Although the submission period on the implementation of SMS has ended and the summary of submissions is published, there were a number of crucial questions that had apparently not been addressed. We asked CAA Director Graeme Harris to discuss them.
First, Des Lines noted that there were only 48 written submissions and, of those, only 23 were from General Aviation maintenance organisations and operators.
From the Summary of Submissions, it is recorded that although feedback was also received verbally from many of the more than 300 attendees at the SMS Forums, no feedback whatsoever was counted in the responses on any particular subject.
With reference to the choices given to industry over SMS, page 5 of the SMS Consultation document – in a bold, framed paragraph – discloses that the CAA recommends Option 4: mandatory implementation of risk management systems across the spectrum of New Zealand aviation.
Des told Graeme Harris: “From past experience of CAA consultations – for example, that used for the increased fees, levies and charges introduced in 2012 – it is widely believed that responses that do not accord with the desired CAA result are invariably brushed aside.
“To declare the CAA’s policy ‘recommendation’ right at the beginning of a ‘consultation’ gives a very strong impression of the likely result. It is seen as a fait accompli. This naturally stifles robust debate within an already far-too-brief submission period because the interested parties believe that it is virtually impossible to influence any policy changes the CAA wishes to introduce”.
Des asked Graeme Harris:
1) Who and what is the SMS roll-out targeted at? It appears to only be those operators currently required to presently have QA systems – i.e. the current certificate holders such as small airlines (Part135) and maintenance organisations (Part 145).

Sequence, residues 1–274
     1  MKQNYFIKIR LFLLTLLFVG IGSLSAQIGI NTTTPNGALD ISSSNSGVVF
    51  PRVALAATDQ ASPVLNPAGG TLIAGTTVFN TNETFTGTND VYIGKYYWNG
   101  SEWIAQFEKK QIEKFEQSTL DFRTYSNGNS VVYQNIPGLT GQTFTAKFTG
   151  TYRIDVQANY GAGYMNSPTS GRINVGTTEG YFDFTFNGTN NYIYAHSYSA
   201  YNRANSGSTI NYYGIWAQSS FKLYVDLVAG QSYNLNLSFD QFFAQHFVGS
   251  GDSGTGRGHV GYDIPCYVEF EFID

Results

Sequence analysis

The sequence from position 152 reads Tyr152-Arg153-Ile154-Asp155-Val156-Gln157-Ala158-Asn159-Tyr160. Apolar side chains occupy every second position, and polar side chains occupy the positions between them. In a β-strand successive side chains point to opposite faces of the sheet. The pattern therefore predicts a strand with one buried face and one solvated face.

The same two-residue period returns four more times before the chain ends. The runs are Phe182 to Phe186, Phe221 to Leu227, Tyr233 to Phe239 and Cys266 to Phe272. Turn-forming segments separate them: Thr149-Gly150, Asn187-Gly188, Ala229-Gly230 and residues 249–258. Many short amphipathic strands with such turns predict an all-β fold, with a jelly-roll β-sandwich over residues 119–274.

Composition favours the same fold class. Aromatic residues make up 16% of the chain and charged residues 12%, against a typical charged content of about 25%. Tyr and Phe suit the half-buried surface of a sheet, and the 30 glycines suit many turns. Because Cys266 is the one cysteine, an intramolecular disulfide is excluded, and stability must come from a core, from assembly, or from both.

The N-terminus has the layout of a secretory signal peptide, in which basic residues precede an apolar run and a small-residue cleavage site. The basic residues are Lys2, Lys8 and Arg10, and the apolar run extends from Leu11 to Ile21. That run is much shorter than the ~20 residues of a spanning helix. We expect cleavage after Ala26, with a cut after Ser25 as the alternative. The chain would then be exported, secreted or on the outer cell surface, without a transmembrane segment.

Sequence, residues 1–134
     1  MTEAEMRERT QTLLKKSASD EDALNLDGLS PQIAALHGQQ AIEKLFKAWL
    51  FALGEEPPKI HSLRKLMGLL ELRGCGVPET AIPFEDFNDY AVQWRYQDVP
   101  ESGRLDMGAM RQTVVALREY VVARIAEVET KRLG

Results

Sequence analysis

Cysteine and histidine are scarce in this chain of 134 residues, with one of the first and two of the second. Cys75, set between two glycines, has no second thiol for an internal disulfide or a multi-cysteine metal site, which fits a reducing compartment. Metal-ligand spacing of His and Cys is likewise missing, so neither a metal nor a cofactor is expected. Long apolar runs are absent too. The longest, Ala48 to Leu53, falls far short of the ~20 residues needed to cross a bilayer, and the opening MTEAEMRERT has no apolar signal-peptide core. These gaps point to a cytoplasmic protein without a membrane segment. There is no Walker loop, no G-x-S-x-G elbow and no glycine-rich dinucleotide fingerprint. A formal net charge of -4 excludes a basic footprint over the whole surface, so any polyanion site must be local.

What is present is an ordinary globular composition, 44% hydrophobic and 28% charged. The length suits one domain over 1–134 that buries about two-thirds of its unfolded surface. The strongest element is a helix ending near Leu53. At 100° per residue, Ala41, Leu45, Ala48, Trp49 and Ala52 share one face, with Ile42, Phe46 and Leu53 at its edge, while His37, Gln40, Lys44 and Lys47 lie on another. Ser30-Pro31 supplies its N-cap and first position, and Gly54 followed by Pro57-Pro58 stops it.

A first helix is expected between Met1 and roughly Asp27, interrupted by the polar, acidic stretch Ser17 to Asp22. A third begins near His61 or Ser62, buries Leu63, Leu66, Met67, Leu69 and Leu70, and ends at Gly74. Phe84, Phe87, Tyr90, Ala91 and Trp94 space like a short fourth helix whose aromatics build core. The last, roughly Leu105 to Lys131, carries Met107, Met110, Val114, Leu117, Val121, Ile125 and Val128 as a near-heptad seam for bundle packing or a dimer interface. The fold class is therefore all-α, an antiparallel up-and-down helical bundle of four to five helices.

GH: Existing organisational certificate holders.
2) If the CAA is indeed indicating that SMS systems are required universally, then there is the need to require all institutional operators (i.e. everyone except purely private owner/flyers) to operate under an SMS – and therefore everyone must be certificated. Is this the CAA intention?
GH: No – Refer response to Q1 above.
3) Much of the cost of writing and implementing a SMS arises from interactions with the CAA. With the hourly rate due to rise to $284/hr in 2014, and the CAA “clipping the ticket” with each required amendment to an SMS, this is likely to be a considerable financial burden for small operators who have little or no ability to recover their costs.
Is it the CAA’s intention to provide assistance to these small operators by developing model SMS systems that can then be easily tailored to match a specific operator’s organisation?
GH: Irrespective of whether mandatory or voluntary implementation is required, the CAA will certainly work with sector-representative bodies to assist uptake of SMS. At the moment, the form of that co-operation has not been defined. Note also that the cost impact will vary according to the implementation arrangements. The costs will vary according to whether mandatory or voluntary implementation is adopted and if the former, the implementation timeline eventually decided upon.
4) Would the CAA be prepared to accept the Australian model of not charging operators for audits, thus reducing the financial pressure and making the adoption of a SMS easier?
GH: The CAA does not have the option of not charging for its audits.
5) ICAO does not require implementation of a “risk management system” which the CAA is proposing, but requires a “safety management system”. It is our understanding that there are subtle and very important differences between the two systems.
Would you please define the CAA view by comparing and contrasting these two distinct systems?
GH: The CAA is proposing a risk-based approach to regulation. Part of that risk-based approach is the adoption of Safety Management Systems by organisational certificate holders. With a couple of exceptions, the form of SMS proposed is the same as that adopted by ICAO.
6) With regard to voluntary occurrence reporting, the data and information supplied to the CAA has no legal protections for disclosure other than the Privacy Act (where that information applies to individuals) or within the Official Information Act under certain circumstances.
What protection will be available to individuals and organisations to safeguard them from the Regulator pursuing prosecutions under the relevant sections S.43, S43A, and S44 of the Civil Aviation Act?